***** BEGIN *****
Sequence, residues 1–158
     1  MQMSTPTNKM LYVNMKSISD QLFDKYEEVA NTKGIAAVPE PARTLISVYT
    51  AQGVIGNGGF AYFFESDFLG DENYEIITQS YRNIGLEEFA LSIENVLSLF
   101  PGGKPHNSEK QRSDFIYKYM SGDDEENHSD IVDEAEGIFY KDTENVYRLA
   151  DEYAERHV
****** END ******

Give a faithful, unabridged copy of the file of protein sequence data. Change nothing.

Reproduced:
Sequence, residues 1–158
     1  MQMSTPTNKM LYVNMKSISD QLFDKYEEVA NTKGIAAVPE PARTLISVYT
    51  AQGVIGNGGF AYFFESDFLG DENYEIITQS YRNIGLEEFA LSIENVLSLF
   101  PGGKPHNSEK QRSDFIYKYM SGDDEENHSD IVDEAEGIFY KDTENVYRLA
   151  DEYAERHV